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Best of What's Next: Esben and the Witch

Music Features Esben and the Witch
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Best of What's Next: Esben and the Witch

Hometown: Brighton, England
Members: Daniel Copeman, Rachel Davies, Thomas Fisher
Album: Violet Cries
For Fans Of: Florence and the Machine, Siouxsie and the Banshees, Warpaint

Daniel Copeman is nervous. The Esben and the Witch guitarist just finished up a photoshoot for a publication in the band’s hometown of Brighton, England. He and his bandmates have a gig tonight—their first time playing at home in nearly a year. Familiar faces will fill the audience, strangely more terrifying than faces unknown. Soon, though, the trio will take the stage and the fear won’t matter.

Esben and the Witch formed in 2008 when Copeman and fellow guitarist Thomas Fisher began collaborating and producing music, both layering electronics, keyboards and drums. The pair worked out a sound they were happy with, but one not truly complete until singer and bassist Rachel Davies lent her voice, crying out alternately as a wailing banshee and a whimpering child.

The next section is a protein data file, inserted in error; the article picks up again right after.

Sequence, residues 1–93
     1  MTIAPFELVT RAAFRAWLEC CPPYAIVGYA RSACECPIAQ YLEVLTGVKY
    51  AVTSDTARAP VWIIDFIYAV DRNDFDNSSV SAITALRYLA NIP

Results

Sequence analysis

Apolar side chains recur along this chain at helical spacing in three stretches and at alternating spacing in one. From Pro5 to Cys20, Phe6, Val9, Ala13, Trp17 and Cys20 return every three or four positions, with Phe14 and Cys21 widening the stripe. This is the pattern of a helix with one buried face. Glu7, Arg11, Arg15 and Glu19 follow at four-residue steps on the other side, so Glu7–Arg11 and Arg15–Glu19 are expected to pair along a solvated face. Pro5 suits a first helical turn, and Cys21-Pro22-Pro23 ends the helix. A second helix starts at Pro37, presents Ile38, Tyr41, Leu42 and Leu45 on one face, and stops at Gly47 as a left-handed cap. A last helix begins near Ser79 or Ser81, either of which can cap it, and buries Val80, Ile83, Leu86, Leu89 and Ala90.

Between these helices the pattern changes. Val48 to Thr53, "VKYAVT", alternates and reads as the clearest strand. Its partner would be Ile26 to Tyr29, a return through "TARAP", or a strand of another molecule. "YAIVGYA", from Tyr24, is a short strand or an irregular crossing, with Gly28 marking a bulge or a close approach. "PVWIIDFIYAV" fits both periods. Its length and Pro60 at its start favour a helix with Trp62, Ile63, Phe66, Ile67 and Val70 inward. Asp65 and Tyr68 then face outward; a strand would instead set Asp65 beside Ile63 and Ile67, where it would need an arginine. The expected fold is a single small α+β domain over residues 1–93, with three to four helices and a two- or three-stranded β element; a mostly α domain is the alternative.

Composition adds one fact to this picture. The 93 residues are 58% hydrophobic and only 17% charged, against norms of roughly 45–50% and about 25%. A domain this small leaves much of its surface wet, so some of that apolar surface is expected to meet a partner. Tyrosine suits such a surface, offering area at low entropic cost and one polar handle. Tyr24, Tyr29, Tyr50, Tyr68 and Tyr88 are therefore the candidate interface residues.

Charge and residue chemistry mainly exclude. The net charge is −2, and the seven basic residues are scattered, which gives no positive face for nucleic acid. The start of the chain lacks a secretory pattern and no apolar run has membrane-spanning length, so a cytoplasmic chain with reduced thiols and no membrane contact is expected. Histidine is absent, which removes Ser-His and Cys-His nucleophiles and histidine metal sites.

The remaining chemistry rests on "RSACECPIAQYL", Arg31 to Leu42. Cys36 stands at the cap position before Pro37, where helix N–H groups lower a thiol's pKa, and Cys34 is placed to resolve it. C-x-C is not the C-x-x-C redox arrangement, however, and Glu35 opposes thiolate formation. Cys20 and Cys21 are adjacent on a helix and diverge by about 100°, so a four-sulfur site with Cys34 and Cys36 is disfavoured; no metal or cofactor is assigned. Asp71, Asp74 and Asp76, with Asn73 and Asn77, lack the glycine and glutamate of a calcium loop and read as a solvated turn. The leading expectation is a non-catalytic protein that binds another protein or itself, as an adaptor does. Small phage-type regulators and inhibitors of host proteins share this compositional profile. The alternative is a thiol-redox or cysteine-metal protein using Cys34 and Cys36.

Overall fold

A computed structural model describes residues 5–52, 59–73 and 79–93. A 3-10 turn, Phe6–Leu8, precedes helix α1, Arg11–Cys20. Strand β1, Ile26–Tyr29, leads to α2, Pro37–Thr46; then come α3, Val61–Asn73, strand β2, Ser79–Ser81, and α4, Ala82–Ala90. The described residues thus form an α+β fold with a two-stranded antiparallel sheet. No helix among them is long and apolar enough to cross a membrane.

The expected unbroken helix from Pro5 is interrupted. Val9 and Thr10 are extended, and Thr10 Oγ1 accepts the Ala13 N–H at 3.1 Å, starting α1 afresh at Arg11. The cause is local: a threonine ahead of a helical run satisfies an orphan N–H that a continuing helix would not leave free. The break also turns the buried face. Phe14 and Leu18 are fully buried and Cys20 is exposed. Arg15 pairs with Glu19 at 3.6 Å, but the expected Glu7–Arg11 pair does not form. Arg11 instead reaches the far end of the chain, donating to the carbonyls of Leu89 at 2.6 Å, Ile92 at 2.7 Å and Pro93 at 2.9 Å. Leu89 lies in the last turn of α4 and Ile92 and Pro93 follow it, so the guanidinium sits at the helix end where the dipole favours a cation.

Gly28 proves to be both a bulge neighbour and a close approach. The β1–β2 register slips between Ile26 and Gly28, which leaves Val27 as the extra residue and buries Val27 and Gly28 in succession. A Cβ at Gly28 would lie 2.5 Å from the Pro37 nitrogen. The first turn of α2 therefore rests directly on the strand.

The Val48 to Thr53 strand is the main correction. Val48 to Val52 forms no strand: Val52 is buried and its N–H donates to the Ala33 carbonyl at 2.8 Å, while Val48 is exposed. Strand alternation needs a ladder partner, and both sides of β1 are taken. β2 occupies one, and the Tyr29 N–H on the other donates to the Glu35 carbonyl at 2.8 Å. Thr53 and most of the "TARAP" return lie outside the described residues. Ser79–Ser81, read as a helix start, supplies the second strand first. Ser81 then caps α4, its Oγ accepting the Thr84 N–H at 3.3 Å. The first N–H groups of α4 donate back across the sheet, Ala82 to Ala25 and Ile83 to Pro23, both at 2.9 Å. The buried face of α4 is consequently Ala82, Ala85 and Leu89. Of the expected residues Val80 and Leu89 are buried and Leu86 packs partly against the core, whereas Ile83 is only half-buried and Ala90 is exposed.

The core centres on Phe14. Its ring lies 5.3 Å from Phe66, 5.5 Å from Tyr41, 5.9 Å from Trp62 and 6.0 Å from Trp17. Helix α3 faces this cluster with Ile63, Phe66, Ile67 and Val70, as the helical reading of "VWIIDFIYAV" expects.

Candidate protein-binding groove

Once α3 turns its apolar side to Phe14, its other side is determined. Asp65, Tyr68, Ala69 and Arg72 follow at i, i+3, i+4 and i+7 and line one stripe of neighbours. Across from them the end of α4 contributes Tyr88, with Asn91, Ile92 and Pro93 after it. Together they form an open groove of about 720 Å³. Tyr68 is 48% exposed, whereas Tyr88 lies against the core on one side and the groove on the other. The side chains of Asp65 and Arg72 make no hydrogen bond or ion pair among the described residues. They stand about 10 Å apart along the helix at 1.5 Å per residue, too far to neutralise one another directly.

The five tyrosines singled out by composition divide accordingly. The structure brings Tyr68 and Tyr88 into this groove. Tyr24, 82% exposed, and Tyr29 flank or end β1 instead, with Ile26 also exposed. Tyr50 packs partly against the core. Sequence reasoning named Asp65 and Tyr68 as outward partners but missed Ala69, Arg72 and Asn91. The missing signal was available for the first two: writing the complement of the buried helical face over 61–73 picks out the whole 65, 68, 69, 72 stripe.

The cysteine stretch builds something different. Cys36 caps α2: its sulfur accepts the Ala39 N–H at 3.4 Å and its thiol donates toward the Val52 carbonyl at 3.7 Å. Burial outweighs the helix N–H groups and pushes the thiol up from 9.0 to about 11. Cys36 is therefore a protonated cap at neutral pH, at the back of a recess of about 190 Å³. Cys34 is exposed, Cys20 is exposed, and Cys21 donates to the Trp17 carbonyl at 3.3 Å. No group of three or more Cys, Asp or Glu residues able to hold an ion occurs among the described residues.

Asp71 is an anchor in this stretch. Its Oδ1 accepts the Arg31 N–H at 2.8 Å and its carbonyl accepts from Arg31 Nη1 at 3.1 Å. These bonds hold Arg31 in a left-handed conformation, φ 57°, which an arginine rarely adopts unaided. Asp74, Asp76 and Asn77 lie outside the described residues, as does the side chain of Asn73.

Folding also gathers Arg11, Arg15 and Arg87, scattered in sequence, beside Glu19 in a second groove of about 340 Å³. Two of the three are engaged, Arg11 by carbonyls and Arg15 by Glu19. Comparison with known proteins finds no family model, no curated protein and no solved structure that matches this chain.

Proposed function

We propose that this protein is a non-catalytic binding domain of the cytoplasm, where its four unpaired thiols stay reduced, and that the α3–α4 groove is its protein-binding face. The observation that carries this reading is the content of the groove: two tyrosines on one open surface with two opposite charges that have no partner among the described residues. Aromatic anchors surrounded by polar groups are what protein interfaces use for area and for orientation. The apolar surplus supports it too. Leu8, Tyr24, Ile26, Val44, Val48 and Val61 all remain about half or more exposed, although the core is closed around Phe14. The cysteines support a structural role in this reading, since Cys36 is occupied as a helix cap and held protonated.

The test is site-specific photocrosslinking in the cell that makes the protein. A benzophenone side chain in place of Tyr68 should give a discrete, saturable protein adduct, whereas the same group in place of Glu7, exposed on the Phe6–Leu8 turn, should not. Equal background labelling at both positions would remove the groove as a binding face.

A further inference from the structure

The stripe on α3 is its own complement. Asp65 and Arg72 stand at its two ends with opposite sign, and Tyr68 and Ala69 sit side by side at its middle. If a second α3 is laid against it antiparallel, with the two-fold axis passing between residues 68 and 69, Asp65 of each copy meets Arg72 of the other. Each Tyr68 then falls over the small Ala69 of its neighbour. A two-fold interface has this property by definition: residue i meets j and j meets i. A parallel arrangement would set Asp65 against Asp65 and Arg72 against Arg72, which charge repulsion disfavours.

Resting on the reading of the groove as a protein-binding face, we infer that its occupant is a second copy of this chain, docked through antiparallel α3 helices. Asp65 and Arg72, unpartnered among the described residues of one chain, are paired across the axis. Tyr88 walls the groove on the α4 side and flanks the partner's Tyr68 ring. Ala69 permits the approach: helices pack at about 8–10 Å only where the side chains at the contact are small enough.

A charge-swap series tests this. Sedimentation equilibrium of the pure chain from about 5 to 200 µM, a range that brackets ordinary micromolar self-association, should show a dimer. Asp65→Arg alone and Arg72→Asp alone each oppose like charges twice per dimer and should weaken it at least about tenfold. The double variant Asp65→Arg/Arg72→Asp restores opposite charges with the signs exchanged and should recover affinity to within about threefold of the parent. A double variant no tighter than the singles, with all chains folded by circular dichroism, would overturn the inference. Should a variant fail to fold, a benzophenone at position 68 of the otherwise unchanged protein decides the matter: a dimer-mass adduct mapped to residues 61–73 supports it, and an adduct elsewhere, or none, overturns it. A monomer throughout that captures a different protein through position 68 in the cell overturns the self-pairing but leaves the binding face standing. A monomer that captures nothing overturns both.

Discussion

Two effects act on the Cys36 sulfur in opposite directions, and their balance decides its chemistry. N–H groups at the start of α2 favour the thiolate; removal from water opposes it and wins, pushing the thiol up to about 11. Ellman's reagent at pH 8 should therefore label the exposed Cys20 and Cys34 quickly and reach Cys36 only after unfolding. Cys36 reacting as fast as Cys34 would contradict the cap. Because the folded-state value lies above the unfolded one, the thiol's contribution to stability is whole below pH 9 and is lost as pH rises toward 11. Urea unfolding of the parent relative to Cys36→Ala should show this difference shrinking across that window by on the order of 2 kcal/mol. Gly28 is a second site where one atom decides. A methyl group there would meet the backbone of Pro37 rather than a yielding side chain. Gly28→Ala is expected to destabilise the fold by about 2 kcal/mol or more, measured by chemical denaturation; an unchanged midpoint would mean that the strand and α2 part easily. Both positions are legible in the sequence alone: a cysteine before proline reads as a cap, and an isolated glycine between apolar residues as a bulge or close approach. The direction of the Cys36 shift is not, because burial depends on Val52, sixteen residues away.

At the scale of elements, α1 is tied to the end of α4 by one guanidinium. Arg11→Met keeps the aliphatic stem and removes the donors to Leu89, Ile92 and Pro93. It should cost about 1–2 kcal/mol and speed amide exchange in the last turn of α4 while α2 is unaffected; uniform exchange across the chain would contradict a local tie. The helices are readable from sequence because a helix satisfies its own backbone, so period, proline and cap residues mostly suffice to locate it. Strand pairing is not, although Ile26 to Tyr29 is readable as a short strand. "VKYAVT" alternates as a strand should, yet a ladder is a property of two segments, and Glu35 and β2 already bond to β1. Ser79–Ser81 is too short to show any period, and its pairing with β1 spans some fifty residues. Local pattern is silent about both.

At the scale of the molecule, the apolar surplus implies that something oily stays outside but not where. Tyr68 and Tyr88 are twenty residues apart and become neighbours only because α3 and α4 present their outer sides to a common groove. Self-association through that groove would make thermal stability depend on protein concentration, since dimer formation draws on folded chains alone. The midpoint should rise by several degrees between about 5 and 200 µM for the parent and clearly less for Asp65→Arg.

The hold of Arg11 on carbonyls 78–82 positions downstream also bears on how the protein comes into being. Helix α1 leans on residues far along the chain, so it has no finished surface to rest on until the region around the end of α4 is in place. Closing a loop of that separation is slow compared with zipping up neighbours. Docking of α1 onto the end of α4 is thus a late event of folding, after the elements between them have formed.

Gothic, ethereal, dark. These are fitting descriptors for a band that takes its name from a Danish fairytale about a boy’s encounter with a murderous witch. Esben’s debut album, Violet Cries, out Feb. 8 on Matador, combines heavenly vocals with brooding guitars and a thundering rhythm section. The sound is intense. “I think it’s very important to challenge the listener,” Copeman says. “There should be a level of hostility within the music that you make. You’re trying to describe a whole gambit of emotions with the course of an album. Musically, the best way to do that is to pull people around.”

Esben and the Witch’s music pits violence against delicacy. The band’s videos flicker dark, battered and cold. Violet Cries could serve as the score to a haunting. Wholly immersive, the album screams with the quiet desperation of a trauma victim trying to piece her life back together. On stage, though, Esben takes on a different persona entirely. In the studio, the band utilizes myriad layering techniques to create a dense wall of noise, but to recreate that visceral intensity onstage, Esben comes forth aggressively, attacking its songs.

The process is, to hear Copeman tell it, excruciating. The band’s songwriting evolves from the initial idea, to the live version, and finally, into the studio. “Then we have to learn how to play it live again,” Copeman says. “It’s this horrible kind of three headed beast.”

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